Google Translate's Conversation Mode Andorid app. can now translate speech back and forth in 14 languages.

Conversation Mode , which translates speech back and forth automatically in Android phones, originally started with only two languages-- English and Spanish-- when it launched in January 2010. Now, however, the Google Translate app. will prove far more useful as a traveling companion, with French, German, Russian, Turkish, Polish, Mandarin Chinese, Korean, Japanese, Italian, Brazilian, Portuguese, Dutch, and Czech added to the program.

You can download the 14-language Google Translate app. from the Android Market if your phone or tablet runs at least Android 2.2.

Jeff Chin, project manager at Google Translate, says the product is still somewhat of a work in progress. [Google Translate] is still alpha, he wrote in a recent blog posting, so factors like background noise and regional accents may affect accuracy.

But Google added features to eliminate as many problems as it can while the application is perfected. One feature lets users hear what Conversation Mode heard before it translates it. If someone is asking Where is the train? for example, you'll know if the Google app. heard Where is the rain? and correct it if needed. You also get written as well as spoken translation results.

Google has also optimized the 14-language app. for larger screens. We wanted to get this early version out, Chin said, to help start the conversation no matter where you are in the world.

Google Translate's regular Android app. still translates some 63 languages, including voice input readings in 17 languages and text-to-speech options for 2 of them.

Google Translate's Conversation Mode upgrade comes at a time when instant translation is more and more in demand. A New York translation tech venture called Smartling has just released a host of new features and services, according to Fast Company. Smartling helps users translate digital content like web sites and mobile into multiple languages for low prices.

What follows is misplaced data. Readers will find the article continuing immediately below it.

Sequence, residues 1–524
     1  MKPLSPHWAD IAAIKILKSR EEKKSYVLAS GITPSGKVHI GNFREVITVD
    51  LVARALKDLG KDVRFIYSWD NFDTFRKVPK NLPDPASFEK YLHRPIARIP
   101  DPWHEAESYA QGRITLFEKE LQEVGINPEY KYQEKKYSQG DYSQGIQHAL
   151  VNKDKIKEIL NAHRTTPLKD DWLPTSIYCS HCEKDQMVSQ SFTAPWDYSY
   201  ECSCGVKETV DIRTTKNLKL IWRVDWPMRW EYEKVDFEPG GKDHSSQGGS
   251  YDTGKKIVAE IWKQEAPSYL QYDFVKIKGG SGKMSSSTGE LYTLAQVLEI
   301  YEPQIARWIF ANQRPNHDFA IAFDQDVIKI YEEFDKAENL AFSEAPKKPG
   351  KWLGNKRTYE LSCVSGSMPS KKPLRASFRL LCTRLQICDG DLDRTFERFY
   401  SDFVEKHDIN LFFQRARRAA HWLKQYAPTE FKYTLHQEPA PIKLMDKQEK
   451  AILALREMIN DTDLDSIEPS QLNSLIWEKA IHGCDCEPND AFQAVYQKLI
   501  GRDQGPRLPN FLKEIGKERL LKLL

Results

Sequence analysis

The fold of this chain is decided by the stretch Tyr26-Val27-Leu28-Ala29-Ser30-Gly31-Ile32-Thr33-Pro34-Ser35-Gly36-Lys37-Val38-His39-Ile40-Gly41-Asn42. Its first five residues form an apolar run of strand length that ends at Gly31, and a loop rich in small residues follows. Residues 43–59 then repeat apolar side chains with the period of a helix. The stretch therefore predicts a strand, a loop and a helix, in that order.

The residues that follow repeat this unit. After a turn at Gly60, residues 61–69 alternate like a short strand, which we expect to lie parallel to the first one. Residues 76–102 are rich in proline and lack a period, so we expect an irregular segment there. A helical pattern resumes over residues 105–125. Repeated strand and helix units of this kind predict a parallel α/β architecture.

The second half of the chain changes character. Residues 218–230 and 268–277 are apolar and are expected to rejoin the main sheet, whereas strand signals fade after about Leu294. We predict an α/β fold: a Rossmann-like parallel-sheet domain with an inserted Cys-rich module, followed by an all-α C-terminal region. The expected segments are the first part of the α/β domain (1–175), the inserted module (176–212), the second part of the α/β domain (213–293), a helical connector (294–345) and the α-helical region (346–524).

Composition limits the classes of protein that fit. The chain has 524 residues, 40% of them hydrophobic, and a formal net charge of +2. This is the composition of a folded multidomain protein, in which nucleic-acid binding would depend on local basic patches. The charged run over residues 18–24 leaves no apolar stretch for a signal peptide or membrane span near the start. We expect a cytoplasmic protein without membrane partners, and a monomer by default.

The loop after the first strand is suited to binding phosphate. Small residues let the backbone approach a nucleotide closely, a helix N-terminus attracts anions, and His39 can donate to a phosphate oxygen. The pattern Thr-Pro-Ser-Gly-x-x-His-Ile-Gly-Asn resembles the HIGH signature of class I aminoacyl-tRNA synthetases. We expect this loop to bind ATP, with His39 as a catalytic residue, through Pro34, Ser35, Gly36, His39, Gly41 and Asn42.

Smartling's speciality is in content localization, ways to translate text that may be encoded or need rewrites. Jack Welde, Smartling's CEO, says the biggest challenges come with systems back by U.S. Venture Partners, Venrock, First Round Capital, and IDG Ventures. Using a team comprised of professionals, volunteers, and some forms of artificial intelligence, Smartling has been going for two years, and is rapidy expanding.

Google Translate is on the right track by sticking with more casual, immediate translation. Its main competitor is likely AIT Projetex, a Windows download. Advanced International Translations supplies translation management software for freelancers and translation agencies around the world, and released Projetex in 2010.

Below, a Google Translate Instruction Video for Conversation Mode: